Confessions of an Actor Trainer

Actor Trainer? Like a lion trainer? What do you do, get them to jump through a ring of burning scripts?

That’s what a comic said to me when I told him what I do.

One Day In October

I opened the doors on my acting school – ACTORS IN ACTION: Professional Acting Conservatory. It didn’t feel as grand as all that. I was actually terrified. Would anyone show up? Would the process I wanted to t each which worked so well for me work for others? Would I actually be able to teach it?

Wednesday October 14th, 2015 I walked into The Sue Rowe Studios at 6:30 pm to teach the six people who had signed up and my life changed forever. And for the better.

I had been acting professionally for thirty years (I started young ;), had a BFA in Acting from DePaul University’s Theatre School in Chicago, had worked in NYC, LA and regionally, had had my own theatre company, my own fledgling film production company, and had dabbled in private coaching and teaching before, but this time I did it in earnest. Tired of working dead-end jobs while I auditioned and got my own projects off the ground, I decided to use my talents and training to help better the pool of actors around me.

My Training

DePaul’s Theatre School curriculum proved pretty eclectic, we studied a lot of Stanislavski, Effort-Shape Movement, Linklater and Lessac voice work, Alexander technique, some Jerzy Grotowski, a bit of Meisner, Bella Itkin’s Sensory Response System, some Uta Hagen, the list could go on.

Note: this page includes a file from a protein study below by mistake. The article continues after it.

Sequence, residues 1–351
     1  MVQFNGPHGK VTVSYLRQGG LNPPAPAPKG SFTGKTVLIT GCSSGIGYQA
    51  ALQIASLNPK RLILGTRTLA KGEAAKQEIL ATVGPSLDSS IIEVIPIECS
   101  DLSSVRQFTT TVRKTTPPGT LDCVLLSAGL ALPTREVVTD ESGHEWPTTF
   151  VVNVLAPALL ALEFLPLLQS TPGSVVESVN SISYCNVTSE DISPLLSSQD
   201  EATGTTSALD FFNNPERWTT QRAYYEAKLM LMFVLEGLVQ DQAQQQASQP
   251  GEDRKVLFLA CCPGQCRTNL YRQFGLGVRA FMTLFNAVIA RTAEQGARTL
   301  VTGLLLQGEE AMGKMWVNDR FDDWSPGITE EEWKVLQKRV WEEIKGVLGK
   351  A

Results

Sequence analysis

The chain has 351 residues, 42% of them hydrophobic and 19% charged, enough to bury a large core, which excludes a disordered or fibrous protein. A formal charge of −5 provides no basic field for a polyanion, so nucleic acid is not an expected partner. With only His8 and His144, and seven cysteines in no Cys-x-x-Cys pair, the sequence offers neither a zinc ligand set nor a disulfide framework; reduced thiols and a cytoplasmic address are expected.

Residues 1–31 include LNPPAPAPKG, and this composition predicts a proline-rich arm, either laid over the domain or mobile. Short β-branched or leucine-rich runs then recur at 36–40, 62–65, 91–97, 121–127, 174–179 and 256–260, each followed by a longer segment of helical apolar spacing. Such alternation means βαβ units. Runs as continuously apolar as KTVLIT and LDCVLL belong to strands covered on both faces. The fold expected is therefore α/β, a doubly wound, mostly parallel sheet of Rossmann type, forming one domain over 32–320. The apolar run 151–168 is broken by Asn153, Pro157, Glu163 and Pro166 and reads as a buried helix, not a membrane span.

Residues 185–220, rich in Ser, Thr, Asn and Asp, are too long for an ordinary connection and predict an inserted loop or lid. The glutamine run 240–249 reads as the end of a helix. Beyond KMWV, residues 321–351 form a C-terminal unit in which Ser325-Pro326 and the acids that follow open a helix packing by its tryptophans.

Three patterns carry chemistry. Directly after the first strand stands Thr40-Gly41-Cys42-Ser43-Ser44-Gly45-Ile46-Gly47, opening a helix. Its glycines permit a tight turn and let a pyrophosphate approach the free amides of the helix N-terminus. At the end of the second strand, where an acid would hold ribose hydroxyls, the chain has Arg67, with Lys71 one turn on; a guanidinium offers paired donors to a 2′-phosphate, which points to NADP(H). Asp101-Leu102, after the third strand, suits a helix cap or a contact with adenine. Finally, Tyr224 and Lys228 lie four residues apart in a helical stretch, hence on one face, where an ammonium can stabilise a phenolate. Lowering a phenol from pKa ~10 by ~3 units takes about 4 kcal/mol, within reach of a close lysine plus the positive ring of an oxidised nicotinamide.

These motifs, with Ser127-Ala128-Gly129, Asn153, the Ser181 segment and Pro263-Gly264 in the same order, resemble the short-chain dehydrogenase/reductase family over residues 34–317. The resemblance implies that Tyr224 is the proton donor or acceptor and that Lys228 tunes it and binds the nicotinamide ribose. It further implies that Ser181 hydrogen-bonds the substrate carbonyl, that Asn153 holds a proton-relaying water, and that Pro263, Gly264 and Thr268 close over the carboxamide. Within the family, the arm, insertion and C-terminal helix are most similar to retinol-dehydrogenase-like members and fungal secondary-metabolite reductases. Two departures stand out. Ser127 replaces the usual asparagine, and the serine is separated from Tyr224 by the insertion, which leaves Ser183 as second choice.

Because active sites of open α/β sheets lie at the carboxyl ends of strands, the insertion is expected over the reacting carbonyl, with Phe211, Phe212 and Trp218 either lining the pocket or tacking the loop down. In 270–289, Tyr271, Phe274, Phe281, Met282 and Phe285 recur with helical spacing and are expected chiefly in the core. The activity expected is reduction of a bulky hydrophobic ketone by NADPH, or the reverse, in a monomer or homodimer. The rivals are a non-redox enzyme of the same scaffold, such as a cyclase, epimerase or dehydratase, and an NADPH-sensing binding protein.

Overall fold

When I graduated and headed off to NYC I had somewhat of a process heavily influenced by what I’d learn. However, I just couldn’t pull my auditions together to get any serious bookings, although due to the agent I’d landed out of school, I did blow some pretty amazing opportunities.

Baffled, I realized I needed to streamline my process. It needed to get me to the heart of the role I was playing and allow my own heart to be fully accessible. The joining of two hearts was the goal. So I kept studying. I took classes in New York. When I moved to LA I took more, including studying Meisner at Playhouse West with Jeff Goldblum. By myself I kept working on script analysis. With like-minded actor friends I workshopped auditions, always looking for a way to be more specific, truthful and in the moment.

My Method

After years of a lot of effort, I finally came up with my process. I later learned it was very much in the school of “Practical Aesthetics” that is mapped out by David Mamet in The Practical Handbook for the Actor. This method is based on understanding the Structure of Drama. It demystifies script analysis, giving it a practical focus. This gives the actor vital clues into the world of the film/play and into the heart of the character.

Armed with this knowledge, an actor can make specific, playable choices that allows them to fully inhabit their role. It allows them to access their inner life and behave honestly in imaginary circumstances. Mamet certainly did not come up with the idea himself, this way of working originated from theatre masters such as Stanislavski, Meisner, Uta Hagen and Stella Adler.

And it’s the approach I take when I train my actors. I say train, because it’s not just teaching, it’s showing them how to connect, to break down a scene, experiencing the kinesthetics of playing a verb, to check to see if they are getting what they want from their partner. It’s not just talking about how to act, it’s doing it.

 

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